On the back of 2010’s record demand, there are growing concerns that photovoltaic (PV) module supply is set to outstrip demand throughout 2011, leading to significant oversupply in the industry. But are these concerns well-founded? And if they are, what impact might the oversupply have on the global PV industry?
Andrew Williams, contributor, Renewable Energy World Network
March 4, 2011 — On the back of 2010’s record demand, there are growing concerns that photovoltaic (PV) module supply is set to outstrip demand throughout 2011, leading to significant oversupply in the industry. But are these concerns well-founded? And if they are, what impact might the oversupply have on the global PV industry?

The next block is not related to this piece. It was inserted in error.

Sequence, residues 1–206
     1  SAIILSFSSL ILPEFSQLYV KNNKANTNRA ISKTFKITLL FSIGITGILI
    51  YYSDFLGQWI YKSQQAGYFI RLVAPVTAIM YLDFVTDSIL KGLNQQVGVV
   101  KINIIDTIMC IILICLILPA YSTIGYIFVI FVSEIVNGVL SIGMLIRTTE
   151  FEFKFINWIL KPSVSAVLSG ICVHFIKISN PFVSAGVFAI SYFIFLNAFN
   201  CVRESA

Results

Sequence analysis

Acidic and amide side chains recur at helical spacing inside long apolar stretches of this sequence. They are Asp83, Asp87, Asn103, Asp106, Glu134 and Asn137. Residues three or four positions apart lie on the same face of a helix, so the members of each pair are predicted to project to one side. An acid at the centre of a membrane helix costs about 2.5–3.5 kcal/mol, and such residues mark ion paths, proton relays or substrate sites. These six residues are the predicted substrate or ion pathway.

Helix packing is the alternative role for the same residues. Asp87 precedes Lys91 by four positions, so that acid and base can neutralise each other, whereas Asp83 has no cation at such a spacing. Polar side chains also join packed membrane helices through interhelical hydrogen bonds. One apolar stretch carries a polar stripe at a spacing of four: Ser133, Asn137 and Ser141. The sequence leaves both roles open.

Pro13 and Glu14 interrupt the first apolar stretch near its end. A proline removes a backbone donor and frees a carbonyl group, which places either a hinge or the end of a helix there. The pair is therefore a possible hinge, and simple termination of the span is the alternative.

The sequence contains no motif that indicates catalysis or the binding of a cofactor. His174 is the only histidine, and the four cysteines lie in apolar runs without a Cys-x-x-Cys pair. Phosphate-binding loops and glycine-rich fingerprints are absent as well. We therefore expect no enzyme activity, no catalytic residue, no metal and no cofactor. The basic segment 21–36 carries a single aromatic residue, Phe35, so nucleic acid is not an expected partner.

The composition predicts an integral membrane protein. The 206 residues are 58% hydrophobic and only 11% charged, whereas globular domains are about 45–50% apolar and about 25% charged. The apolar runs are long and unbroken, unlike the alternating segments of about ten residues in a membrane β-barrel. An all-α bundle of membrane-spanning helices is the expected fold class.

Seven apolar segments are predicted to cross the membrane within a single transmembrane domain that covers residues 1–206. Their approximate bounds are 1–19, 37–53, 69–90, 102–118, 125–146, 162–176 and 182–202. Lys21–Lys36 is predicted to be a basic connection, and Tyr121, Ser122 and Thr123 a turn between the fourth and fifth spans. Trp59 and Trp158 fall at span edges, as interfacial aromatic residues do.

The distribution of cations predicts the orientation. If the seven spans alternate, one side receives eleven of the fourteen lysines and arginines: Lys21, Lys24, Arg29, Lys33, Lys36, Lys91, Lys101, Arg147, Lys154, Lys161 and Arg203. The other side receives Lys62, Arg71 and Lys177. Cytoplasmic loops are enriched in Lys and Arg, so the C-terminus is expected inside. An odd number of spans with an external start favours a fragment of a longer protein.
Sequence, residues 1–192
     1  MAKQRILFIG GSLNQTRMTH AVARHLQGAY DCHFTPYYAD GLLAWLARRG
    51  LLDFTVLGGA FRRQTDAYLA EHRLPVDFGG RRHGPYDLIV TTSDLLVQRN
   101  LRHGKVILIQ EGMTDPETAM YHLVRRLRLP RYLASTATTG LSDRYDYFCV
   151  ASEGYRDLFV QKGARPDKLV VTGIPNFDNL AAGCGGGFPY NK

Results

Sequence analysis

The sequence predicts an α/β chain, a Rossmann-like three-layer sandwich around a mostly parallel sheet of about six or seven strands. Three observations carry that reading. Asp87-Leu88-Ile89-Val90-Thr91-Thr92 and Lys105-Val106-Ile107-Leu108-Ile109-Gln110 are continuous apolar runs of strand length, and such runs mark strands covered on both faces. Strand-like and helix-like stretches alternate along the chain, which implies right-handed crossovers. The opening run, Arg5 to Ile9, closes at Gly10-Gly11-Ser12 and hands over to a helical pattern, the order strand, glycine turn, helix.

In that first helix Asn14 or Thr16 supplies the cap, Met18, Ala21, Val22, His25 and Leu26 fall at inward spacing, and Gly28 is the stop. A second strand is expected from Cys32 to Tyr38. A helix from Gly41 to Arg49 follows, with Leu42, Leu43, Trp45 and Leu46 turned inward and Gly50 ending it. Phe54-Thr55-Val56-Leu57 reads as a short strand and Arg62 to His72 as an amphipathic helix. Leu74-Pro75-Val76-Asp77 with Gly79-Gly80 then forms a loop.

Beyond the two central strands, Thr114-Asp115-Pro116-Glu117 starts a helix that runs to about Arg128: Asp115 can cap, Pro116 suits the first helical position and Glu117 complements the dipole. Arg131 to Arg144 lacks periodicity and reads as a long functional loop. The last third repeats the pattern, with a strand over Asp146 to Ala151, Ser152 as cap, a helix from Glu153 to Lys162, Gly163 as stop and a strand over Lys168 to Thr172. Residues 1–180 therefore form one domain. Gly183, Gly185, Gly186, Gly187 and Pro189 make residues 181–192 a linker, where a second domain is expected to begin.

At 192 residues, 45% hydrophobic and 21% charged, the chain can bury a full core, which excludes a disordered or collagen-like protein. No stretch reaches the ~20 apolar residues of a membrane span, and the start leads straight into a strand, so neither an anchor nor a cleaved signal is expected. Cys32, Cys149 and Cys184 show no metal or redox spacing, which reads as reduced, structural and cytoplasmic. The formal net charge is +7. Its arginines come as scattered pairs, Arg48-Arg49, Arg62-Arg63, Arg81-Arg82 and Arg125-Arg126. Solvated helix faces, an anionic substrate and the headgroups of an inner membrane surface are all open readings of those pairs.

According to analysts at IMS Research, PV module production capacity increased by nearly 70% over the course of 2010, reaching nearly 30GW by the end of the year. Looking ahead, IMS anticipates that 35GW of annual capacity will be reached within the first half of 2011, despite installations in the same period being predicted to reach no more than one fifth of that amount.
“Demand for PV grew quickly throughout the second half of 2009 and 2010, driving installations in 2010 to reach more than double the previous year. Most suppliers implemented aggressive capacity expansion plans throughout the year,” says Sam Wilkinson, research analyst at IMS. Also read: PV module capacity growing faster than demand: Trouble for tier-2 suppliers? from IMS Research
“Following some reductions and amendments to incentive schemes in Europe, installations will not continue to grow at this rate and demand will not be sufficient to support all of this new capacity,” he adds.